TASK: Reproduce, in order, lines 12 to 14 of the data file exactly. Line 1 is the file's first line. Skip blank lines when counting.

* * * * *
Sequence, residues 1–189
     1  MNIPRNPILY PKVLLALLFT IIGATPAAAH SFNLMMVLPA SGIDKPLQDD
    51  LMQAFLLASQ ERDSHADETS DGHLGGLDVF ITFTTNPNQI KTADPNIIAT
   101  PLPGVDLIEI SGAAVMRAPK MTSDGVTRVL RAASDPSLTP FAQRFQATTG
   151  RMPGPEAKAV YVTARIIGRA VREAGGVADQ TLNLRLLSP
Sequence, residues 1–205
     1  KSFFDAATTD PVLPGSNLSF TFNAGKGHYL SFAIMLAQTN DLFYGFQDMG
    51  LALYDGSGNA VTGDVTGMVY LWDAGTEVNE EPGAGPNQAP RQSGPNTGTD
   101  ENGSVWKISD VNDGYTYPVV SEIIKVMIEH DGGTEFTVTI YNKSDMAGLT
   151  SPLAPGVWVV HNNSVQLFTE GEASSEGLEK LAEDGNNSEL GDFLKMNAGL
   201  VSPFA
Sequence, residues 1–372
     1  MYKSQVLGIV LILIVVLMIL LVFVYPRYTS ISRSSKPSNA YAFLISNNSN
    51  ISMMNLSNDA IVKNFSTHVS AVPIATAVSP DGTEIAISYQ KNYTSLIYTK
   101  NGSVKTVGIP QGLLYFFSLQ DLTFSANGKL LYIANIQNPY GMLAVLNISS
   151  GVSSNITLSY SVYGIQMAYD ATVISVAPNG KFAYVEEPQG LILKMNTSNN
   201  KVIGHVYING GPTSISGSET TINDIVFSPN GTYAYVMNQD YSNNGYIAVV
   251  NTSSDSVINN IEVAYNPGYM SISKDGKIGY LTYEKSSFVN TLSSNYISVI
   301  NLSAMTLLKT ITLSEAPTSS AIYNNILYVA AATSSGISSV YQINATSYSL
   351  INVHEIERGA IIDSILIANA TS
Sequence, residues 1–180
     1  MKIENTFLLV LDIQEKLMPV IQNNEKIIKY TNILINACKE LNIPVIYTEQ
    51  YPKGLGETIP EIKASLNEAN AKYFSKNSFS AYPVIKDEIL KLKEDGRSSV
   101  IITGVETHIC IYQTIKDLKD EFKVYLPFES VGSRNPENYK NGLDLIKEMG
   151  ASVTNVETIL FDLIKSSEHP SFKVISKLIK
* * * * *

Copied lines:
Sequence, residues 1–372
     1  MYKSQVLGIV LILIVVLMIL LVFVYPRYTS ISRSSKPSNA YAFLISNNSN
    51  ISMMNLSNDA IVKNFSTHVS AVPIATAVSP DGTEIAISYQ KNYTSLIYTK